March 9, 2021
Today’s blog is the first in a two-part series focusing on solutions to plastic waste. The first part focuses on a recent report from Carbon Tracker, a “think tank that carries out in-depth analysis on the impact of the energy transition on capital markets and the potential investment in high-cost, carbon-intensive fossil fuels.”
During the pandemic summer of 2020, Pew Charitable Trusts published an influential study entitled Breaking the Plastic Wave, which, according to the nongovernmental organization (NGO), “shows that we can cut annual flows of plastic into the ocean by about 80% in the next 20 years by applying existing solutions and technologies.” Of especial note for the recycling community is the inclusion of recycling among the technologies already available:
- Expand reuse and refillable options to decrease reliance on new plastic production;
- Design recycling-friendly products;
- Improve waste collection in middle- and low-income countries; and
- Increase mechanical recycling.
“An ambitious recycling strategy, for example, with scale-up of collection, sorting, and recycling infrastructure, coupled with design for recycling, reduces 2040 leakage (into the environment) by 38 per cent…above 2016 levels,” the report states.
In the aftermath of the Pew report, the UK-based NGO Carbon Tracker published an analysis of the economic effects of Pew’s solutions to the plastics crisis on fossil fuel industries. The analysis, entitled The Future’s not in Plastics, echoes Pew’s finding that virgin plastic demand growth could be reduced to less than one percent, with a final peak as soon as 2027.
What are the implications of a transition from linear to circular production of plastics for fossil fuel companies? Already, international emphasis on greenhouse gas reductions, coupled with the decrease in oil and gas usage in the transportation industries, has forced fossil fuel companies to forecast all of their economic growth on the production of virgin plastics.
A carbon budget consistent with a 2°C target “would render the vast majority of reserves ‘stranded’ — oil, gas and coal that will be literally unburnable without expensive carbon capture technology, which itself alters fossil fuel economics,” according to Mark Carney, chair of the Financial Stability Board Task Force on Climate-related Financial Disclosures.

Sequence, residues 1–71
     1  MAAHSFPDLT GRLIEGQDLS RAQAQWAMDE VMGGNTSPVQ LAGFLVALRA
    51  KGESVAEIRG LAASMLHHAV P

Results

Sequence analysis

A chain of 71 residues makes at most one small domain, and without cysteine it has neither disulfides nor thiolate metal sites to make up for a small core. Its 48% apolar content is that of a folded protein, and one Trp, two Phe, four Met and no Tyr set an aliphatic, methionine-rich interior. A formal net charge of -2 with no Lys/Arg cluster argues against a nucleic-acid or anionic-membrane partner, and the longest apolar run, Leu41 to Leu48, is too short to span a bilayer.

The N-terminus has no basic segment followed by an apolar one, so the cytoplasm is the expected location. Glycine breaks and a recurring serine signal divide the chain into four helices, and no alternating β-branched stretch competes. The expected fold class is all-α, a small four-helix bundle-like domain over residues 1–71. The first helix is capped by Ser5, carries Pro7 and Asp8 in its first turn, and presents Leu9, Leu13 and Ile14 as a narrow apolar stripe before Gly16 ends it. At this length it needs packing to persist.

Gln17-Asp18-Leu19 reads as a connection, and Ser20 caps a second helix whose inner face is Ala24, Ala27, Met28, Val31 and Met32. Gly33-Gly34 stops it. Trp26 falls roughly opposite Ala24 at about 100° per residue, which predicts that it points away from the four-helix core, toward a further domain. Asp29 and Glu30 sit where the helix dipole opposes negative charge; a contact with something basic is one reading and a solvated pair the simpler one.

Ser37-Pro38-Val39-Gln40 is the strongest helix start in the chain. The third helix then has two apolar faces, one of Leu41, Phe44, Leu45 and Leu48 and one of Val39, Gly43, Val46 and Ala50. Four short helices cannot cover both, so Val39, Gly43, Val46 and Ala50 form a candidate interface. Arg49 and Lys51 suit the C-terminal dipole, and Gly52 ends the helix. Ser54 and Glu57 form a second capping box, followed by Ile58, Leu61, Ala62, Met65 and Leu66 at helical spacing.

“Plastics make up all the expected growth in oil for petrochemicals, and are the largest driver of expected oil demand, with 95% and 45% of oil demand growth in the central forecasts of BP and the IEA,” Carbon Tracker reports. However, the report continues, “If demand for virgin plastic stops rising, the oil industry would lose its primary growth driver. This makes it more likely that 2019 was peak oil demand.”
Amid such profound uncertainty, the petrochemical industry “plans to expand supply for virgin plastics use by a quarter at a cost of at least $400 billion in the next 5 years, risking huge losses for investors.” The expansion occurs despite “an externality cost on society of at least $1,000 per tonne, or $350 billion a year, from emitting carbon dioxide, associated health costs from noxious gases, collection costs and the alarming growth in ocean pollution.”
Again echoing the Pew report, Carbon Tracker found that recycling—especially open loop mechanical recycling—will play an important role in bringing about peak demand—and subsequent reduction in demand—for virgin plastics as soon as possible. Opportunities for increasing the value of the recycling system include:
- increasing demand for recycled plastics by setting targets;
- increasing the value of recyclates through design;
- increasing the recycling infrastructure size; and
- forcing changes in design.
“You can have all the functionality of plastics but at half the capital cost, half the amount of feedstock, 700,000 additional jobs and 80% less plastic pollution,” said Yoni Shiran, lead author of Breaking the Plastic Wave.
Next: in Break the Waste Cycle, US Public Interest Group examines the potential role of producer responsibility programs in decreasing the volume of waste streams while manufacturing more environmentally friendly products.
By Robert Kropp, NERC Office Manager